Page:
Doctor or Google: Who do you trust?

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Many people are turning to the Internet to find out the cause of a particular symptom. While the Web is full of information, is it possible to self-diagnose? Or is visiting a doctor the best thing to do? Find out.

A 2011 study conducted by Few Research Centres found that 80 per cent of Internet users look for health information over the Internet, and medical queries are the third-most popular web activity after email and use of search engine.

Question is, is this the right approach to diagnostics? Let’s take a look at both sides of the story:

Benefits of looking for health information over the Internet

  • Wealth of information at patient’s fingertips – Before Internet, people only had access to hospitals, books and medical leaflets for advice. Today, Internet has given access to every possible medical journal, written and video content for various medical procedures, testimonials and reviews of healthcare establishments and online health forums.
  • Access to life saving solutions – Sudden onset of certain symptoms like appendicitis can be quickly researched, allowing a person to reach out for timely medical help.
  • Helpful information for parents and caregivers The Internet has allowed people to become better informed about their loved one’s condition and learn newer ways for providing care. For example, a child with asthma be made comfortable or an elderly person’s safety at home can be ensured through various online resources.

When Google is dangerous for diagnosis

  • Relying solely on Google to diagnose symptoms can come in way of getting the right treatment for an ailment. An Misdiagnosis Internet user looking for answers through a search engine might focus on the wrong symptoms or miss an important indicator, which a specialist doctor would otherwise use to arrive at an accurate diagnosis. Misdiagnosis may occur in two ways – a self-positive enforcement, wherein an individual fails to consider the real severity of the condition, and self-negativity, in which s/he reaches a more severe conclusion than is needed. Mistaking indigestion for heart attack or vice versa is an example of this.
  • Incorrect information on the Web A 2010 study released by the paediatrics department of Nottingham University showed that out of 500 websites, only 39 per cent carried accurate information on common paediatric queries, 11 per cent were incorrect, and a surprising 49 per cent were completely off the mark. When people solely trust a website to diagnose themselves, this surplus and incorrect web of information can lead to misconceptions and misdiagnosis.
  • Cyberchondria Yes, the fear brought on by self-diagnosis through Internet searches does have a formal term. Many people who walk into a doctor’s clinic armed with the ‘knowledge’ they gained from web searches stress themselves to unreasonable limits, when they mismatch their symptoms with unrelated diseases. While curiosity is a good thing, an amateur medical judgement based on online information can cause immense stress.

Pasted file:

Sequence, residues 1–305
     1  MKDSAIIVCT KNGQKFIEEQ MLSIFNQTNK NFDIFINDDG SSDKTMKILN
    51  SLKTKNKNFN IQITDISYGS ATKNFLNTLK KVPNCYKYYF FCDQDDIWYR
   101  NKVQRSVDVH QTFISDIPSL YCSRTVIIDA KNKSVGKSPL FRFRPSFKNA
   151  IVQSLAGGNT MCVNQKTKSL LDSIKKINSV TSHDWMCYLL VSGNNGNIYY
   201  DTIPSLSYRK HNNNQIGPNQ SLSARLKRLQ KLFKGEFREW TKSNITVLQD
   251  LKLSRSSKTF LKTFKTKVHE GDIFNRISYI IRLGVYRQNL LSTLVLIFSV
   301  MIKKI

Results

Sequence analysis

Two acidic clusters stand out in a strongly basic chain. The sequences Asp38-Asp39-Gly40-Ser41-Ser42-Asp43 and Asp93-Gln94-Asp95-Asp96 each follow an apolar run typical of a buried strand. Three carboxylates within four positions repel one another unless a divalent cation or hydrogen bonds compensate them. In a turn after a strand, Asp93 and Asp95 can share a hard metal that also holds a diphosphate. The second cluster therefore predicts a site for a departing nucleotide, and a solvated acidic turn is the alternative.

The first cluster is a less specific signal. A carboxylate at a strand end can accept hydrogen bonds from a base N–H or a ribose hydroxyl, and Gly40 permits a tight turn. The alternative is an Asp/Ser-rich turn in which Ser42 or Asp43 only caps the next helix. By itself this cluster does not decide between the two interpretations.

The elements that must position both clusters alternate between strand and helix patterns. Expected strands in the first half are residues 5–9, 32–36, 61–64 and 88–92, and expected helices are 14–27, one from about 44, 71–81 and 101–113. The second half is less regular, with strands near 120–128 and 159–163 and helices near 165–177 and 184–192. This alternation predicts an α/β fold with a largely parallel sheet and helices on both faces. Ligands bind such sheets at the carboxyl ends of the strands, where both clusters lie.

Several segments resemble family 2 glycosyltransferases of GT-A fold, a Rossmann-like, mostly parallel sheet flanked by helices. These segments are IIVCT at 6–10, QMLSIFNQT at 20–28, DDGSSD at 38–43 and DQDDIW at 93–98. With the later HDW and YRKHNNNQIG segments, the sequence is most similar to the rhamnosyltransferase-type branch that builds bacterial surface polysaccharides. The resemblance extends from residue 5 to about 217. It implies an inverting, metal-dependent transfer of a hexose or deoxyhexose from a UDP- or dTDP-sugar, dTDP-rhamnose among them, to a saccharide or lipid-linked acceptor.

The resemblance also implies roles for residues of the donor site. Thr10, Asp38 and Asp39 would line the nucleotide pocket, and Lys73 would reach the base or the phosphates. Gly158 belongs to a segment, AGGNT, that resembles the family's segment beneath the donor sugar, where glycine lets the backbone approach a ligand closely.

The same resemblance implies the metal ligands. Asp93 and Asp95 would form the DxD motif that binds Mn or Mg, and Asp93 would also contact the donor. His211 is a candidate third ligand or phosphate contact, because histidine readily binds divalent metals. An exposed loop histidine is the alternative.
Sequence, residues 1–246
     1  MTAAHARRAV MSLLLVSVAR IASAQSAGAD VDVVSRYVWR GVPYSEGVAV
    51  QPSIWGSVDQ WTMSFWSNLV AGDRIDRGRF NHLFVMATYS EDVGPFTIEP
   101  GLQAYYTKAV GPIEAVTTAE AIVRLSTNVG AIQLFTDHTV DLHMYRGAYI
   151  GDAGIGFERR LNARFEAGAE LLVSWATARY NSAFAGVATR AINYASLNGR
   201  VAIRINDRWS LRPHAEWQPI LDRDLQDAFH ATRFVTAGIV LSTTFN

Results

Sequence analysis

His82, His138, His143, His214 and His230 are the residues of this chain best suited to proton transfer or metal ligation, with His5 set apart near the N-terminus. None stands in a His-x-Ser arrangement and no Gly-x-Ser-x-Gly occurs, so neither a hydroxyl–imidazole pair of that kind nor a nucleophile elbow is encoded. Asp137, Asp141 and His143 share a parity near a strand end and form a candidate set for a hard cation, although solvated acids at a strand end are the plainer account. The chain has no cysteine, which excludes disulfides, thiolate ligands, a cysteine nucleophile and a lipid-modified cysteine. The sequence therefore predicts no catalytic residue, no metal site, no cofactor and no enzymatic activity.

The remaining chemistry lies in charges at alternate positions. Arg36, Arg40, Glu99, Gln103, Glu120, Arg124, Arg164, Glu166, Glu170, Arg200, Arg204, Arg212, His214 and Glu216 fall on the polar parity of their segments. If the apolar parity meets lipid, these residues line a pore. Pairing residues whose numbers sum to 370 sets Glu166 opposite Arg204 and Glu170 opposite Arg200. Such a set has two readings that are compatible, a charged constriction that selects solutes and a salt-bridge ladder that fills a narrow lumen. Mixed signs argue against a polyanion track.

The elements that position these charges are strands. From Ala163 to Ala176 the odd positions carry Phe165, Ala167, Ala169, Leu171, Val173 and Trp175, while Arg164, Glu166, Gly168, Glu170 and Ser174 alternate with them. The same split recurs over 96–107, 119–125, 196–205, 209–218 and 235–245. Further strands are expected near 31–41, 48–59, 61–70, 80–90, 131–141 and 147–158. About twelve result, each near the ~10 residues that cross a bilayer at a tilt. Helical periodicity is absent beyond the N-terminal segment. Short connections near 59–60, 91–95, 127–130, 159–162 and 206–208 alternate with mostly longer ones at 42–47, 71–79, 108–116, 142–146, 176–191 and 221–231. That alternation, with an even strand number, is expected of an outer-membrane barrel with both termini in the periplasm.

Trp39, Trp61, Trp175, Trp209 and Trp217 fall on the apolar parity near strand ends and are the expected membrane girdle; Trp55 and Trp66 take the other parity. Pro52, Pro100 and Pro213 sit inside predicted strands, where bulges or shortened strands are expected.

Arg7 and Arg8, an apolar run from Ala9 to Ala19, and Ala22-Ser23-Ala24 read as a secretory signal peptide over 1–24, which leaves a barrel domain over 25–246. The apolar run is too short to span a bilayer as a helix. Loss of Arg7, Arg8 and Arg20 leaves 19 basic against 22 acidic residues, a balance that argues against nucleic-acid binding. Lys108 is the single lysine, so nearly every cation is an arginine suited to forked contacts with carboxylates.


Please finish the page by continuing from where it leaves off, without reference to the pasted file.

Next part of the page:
Safe tips when browsing online medical information

  • Referring to only trusted websites Most reliable and easy-to-find medical and health information can be found on government websites, official websites of health organisations, or and news websites (to an extent).
  • Staying clear of promoted content – A study published in the Journal of Bone and Joint Surgery showed that almost 50 per cent of search results on common medical conditions list commercial websites, of which many only promote their own products or share biased information.
  • Confirming the self-diagnosis – Online information should serve as a quick tool for finding answers to a problem or learning the right technique in giving care for a particular condition. However, a person should limit the endless surfing that may turn into an aimless activity. The doctor must be consulted for any lingering or unanswered concerns.
  • Beware of outdated information – Once published, a piece of information can stay online forever. However, new medical advances may make some health information outdated and irrelevant. Referring to trusted health websites and checking the ‘last-updated’ tag on the page could solve this problem.

 


 

Sources:

Image courtesy of [cooldesign] at FreeDigitalPhotos.net

“Googling children’s health: reliability of medical advice

on the internet,” Arch Dis Child 2010;95:580–582. doi:582 10.1136/adc.2009.168856, Paul Scullard, Clare Peacock, Patrick Davies, http://adc.bmj.com/content/95/8/580.full.pdf

“Harris Poll Shows Number of “Cyberchondriacs” – Adults Who Have Ever Gone Online for Health Information– Increases to an Estimated 136 Million Nationwide,” HarrisInteractive.com, http://www.harrisinteractive.com/vault/Harris-Interactive-Poll-Research-FOR-IMMEDIATE-RELEASE-2006-08.pdf

“Should you ever trust Dr Google more than your GP? A quarter of us put more faith in a diagnosis from the internet than from our own doctor,” DailyMail.co.uk, Lucy Elkins, July 29, 2014, http://www.dailymail.co.uk/health/article-2708921/Should-trust-Dr-Google-GP-A-quarter-faith-diagnosis-internet-doctor.html

“What Doctors Think About Your Online Health Searches,” Mashable.com, Stephanie Buck, June 15, 2012, http://mashable.com/2012/06/15/online-medical-searches/

“Your Doctor’s Office or the Internet? Two Paths to Personal Health Records,” NEJM.org, New England Journal of Medicine, N Engl J Med 2009; 360:1276-1278March 26, 2009, Paul C. Tang, M.D., and Thomas H. Lee, M.D., http://www.nejm.org/doi/full/10.1056/NEJMp0810264

 image courtesy-pixabay.com

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